These documents are relevant to the question of what von Neumann knew of Turing's work on computability before the Second World War, and so also to the question of how von Neumann could have drawn on Turing's ideas when formulating the EDVAC report in 1945.
The first is von Neumann's formal letter of reference dated June 1, 1937, supporting Turing's application for a Procter Fellowship at Princeton for the year 1937-38. The application was successful. The point of interest is that von Neumann made no reference at all to Turing's On computable numbers, which had been published some six months earlier. Source: Princeton University.The second is a letter to me (Andrew Hodges) from von Neumann's colleague S. Ulam, postmarked 18 April 1979. This indicates that by 1939 von Neumann was aware of Turing machines. It is worthwhile noting, however, that Ulam's interest was, like von Neumann's, focussed on Turing's work in continuous groups.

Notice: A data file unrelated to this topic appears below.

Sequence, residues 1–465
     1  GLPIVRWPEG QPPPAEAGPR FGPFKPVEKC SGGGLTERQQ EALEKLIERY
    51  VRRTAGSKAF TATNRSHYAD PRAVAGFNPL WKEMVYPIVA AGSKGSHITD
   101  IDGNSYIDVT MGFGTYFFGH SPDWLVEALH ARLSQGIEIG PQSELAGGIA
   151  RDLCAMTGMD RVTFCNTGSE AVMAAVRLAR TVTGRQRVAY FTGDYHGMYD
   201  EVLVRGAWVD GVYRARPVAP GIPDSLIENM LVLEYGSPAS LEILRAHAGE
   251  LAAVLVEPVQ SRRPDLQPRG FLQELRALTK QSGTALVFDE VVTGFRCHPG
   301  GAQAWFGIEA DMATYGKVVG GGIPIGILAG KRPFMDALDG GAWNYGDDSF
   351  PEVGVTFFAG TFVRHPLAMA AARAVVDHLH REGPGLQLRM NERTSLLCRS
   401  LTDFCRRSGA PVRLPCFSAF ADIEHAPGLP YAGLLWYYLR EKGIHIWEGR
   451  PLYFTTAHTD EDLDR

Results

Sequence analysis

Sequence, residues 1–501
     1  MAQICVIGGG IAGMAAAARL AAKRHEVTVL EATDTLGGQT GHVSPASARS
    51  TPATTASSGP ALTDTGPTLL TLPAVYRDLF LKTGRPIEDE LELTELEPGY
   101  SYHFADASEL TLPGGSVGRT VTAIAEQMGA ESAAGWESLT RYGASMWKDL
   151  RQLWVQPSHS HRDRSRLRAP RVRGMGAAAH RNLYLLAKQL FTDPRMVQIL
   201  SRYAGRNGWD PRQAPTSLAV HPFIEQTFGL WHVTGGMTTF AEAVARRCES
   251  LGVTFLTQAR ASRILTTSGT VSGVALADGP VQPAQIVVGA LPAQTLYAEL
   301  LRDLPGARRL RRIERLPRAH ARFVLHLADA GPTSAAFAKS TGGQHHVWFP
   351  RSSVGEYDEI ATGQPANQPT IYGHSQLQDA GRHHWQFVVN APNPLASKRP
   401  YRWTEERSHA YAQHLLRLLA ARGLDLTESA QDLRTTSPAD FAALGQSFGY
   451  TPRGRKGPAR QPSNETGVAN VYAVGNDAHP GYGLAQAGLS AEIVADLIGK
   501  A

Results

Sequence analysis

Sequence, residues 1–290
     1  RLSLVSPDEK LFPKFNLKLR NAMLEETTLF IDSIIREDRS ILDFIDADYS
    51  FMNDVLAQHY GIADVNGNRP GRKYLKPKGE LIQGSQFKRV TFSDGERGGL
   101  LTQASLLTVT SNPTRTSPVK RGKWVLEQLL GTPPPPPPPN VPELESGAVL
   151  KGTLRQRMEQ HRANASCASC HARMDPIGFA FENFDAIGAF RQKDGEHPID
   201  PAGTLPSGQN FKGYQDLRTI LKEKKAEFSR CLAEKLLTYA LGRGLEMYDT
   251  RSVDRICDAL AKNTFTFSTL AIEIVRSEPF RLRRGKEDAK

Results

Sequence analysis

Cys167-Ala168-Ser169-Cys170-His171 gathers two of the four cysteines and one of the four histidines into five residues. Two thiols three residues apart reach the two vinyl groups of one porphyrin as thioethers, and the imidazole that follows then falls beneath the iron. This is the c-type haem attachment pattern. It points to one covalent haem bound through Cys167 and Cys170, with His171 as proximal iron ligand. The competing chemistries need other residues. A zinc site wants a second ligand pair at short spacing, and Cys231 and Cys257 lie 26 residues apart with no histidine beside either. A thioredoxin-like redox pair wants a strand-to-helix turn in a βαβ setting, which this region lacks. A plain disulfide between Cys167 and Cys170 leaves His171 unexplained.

The letter that Ulam sent to Turing in 1939 does not seem to have survived. A letter from von Neumann to Turing can be seen in the Turing Digital Archive here. Again, the subject matter is that of continuous groups.
Both documents were quoted in chapter 3 of Alan Turing: the enigma.